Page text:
So they will use all of their infrastructure – their box office – they will book the acts, they will put the shows on, they will supply the technical skills and technical staff. And we will work through that for the first two or three years.
We will then be able to work out a much more robust financial package and then the idea is that we would probably like to put the operation out to some form of tender for a charitable trust or a theatre group to come in and take over the management. One thing that we have all agreed already is that it will not be run by Southborough Town Council.
Q: And you say that the Assembly Hall will bring in their expertise and their time. Surely that is all going to cost money. Is that not going to cost more than the £ 50,000 a year that we were spending on the Victoria Hall.
A: No because the Assembly Hall will be managing the new theatre as a subset of the Assembly Hall. So they will be booking the acts and making sure that it is financially viable.
Q: So, for the first couple of years they have agreed to do this without a revenue cost to taxpayers in Southborough?
A: There may well be a small subsidy for the first three years – a decreasing subsidy, but the idea is that – at the end of three years – there won’t be any subsidy paid for by the council. But the one thing that we do know is that it will be substantially below the subsidies that had to be paid for the Royal Victoria Hall.
Currently the manager of the Assembly Halls is working on a business plan for that and developing a proposal to bring in to the board to have a look at which we would hope to see in the first quarter of next year.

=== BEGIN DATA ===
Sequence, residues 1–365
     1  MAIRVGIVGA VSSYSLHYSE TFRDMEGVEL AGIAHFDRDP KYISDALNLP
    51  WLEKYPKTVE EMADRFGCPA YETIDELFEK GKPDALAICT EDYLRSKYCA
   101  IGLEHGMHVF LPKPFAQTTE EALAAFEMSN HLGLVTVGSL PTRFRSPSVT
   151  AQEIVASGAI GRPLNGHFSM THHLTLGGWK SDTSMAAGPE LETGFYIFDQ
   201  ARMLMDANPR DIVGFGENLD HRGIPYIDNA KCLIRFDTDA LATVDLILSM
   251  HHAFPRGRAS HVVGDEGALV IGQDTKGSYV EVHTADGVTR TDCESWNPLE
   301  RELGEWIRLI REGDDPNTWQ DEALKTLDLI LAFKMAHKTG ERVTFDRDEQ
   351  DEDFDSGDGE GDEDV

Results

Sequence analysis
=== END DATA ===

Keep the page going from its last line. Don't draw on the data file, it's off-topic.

Q: And obviously these local theatres, like the Assembly Hall and particularly the Trinity did rely on that volunteer support. They rely mainly on hundreds of volunteers. Are you worried by the fact that a lot of the people who volunteered in the Royal Victoria Hall are still not supporting the new designs and the new theatre.
A: Unfortunately, as I said, we will never please everybody all of the time. the format that we had for the Royal Victoria Hall just wasn’t working. It was being utilised about 30% of the time. It wasn’t flexible and it only suited one type of operation. Unfortunately we haven’t been able to please everybody. But we have been able to work with a number of professional theatre organisations including Charcoal Blue – a well known theatre consultant – in order to develop – what we hope – will be a much better offering for the public.